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STATEMENT: Maggie Thompson on the Illinois Student Loan Bill of Rights Veto Override

Washington, D.C.— On Tuesday, November 7, in a bipartisan 98-16 vote, the Illinois House of Representatives voted to override Governor Bruce Rauner’s veto of S.B. 1351, the Illinois Student Loan Bill of Rights.

The bill includes a set of protections meant to hold student loan companies accountable for debt collection and payment processing practices, and includes provisions aimed at helping borrowers get more accurate information on their loan repayment and forgiveness options.

During the veto session, many Republican lawmakers flipped their votes in support of the bill. Despite opposition from Republican Floor Leader Rep. Peter Breen, the bill received overwhelming bipartisan support, with members of both parties taking to the floor to argue on behalf of the bill. In their remarks, some Republican members referred to the “many calls” they received from student loan borrowers.

Maggie Thompson, Executive Director of Generation Progress Action, issued the following statement in response:

“State legislators have a responsibility to protect their constituents from the predatory behavior of student loan companies. When these companies don’t do their jobs properly, it pushes borrowers into default. Student loan default is disastrous for local economies, and borrowers. Because of their student debt burden, borrowers often struggle with purchasing homes, opening businesses, or starting families.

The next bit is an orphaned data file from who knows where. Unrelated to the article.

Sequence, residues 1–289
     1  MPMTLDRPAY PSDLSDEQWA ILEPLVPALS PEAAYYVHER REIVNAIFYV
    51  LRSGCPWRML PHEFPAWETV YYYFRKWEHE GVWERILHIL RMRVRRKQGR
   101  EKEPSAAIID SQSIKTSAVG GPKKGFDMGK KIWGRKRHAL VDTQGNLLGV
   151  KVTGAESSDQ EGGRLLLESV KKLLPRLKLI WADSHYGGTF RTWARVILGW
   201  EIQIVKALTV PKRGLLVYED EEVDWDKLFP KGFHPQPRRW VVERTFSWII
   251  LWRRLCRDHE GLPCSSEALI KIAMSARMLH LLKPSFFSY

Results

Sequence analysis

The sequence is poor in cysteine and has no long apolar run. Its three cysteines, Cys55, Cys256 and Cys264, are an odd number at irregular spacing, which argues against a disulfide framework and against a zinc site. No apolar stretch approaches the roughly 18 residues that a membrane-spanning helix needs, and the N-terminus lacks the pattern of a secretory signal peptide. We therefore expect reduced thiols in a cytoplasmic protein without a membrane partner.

Momentum for these kinds of borrower protections is building nationwide. Student loan companies like Navient and Nelnet are not looking out for borrowers, in turn, states are stepping up to protect their citizens. Amidst a slew of regulatory rollbacks from the Department of Education, Illinois has emerged as a leader in codifying student loan borrower protections, with consumer, veterans, and progressive groups, joining together with State Attorney General Lisa Madigan to protect those wronged by student loan companies.”

The Illinois Student Loan Bill of Rights will go into effect at the end of December 2018.

Resources:

Borrower’s Bill of Rights policy white paper, a report that outlines the need for student loan protection bills at the state level.

Chart that compares the composition of similar bills introduced in multiple states and the District of Columbia during recent legislative sessions.

 

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